Athletics - Boston champ McFadden dedicates London win to US city

Wearing a black ribbon on her tracksuit top, American Tatyana McFadden dedicated her victory in Sunday's London Marathon wheelchair race to the people of Boston.

Reuters
Athletics - Boston champ McFadden dedicates London win to US city
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Britain's Prince Harry poses with Tatyana McFadden (R) of the U.S., winner of the women's wheelchair class of the London Marathon, during the victory presentation on the Mall (Reuters)

McFadden won the Boston Marathon six days ago and was back in her hotel in the city when the two bombs near the finish line exploded killing three people and injuring over 170 more.

"The race is definitely dedicated to Boston and we had huge support from London which was amazing," McFadden, celebrating her 24th birthday, said.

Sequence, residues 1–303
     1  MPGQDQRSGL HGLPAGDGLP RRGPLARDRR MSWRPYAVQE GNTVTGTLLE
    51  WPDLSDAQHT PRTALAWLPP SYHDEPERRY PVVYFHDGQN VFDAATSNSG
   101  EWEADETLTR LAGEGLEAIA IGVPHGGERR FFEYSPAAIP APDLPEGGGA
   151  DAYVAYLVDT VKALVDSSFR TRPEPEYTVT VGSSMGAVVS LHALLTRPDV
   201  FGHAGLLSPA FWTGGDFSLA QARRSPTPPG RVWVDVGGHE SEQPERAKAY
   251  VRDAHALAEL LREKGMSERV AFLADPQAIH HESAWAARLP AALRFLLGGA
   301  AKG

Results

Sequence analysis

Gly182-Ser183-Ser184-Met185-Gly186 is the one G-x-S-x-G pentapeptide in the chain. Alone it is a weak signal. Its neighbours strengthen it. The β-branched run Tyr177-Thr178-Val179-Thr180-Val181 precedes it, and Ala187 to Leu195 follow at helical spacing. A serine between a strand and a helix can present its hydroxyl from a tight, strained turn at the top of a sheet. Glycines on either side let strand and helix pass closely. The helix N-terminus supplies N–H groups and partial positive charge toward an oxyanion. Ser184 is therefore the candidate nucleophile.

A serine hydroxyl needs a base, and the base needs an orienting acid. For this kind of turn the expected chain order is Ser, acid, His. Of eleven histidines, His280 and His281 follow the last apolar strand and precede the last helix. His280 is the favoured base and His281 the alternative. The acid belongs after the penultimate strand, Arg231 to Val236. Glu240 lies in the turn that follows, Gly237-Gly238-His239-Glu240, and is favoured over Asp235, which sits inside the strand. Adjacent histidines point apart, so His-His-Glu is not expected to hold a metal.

"I think that support definitely carried athletes through the entire race which was phenomenal and even London donating £2 for every finisher to Boston.

"Just the support that we're getting around the world means a lot especially back in Boston and to the athletes."

Undaunted by the bombings but amid increased security, the crowds were out in force enjoying the sun and the spectacle of 36,000 runners, many in fancy dress, taking on the course.

A 30-second silence was held before the start of the elite men's and mass race to honour the victims of Boston.

Competitors were provided with black ribbons to wear on their racing kit in memory of the Boston victims and London Marathon organisers were donating two pounds per finisher to the One Fund Boston set up to raise money for the victims. They hoped to raise at least £70,000.

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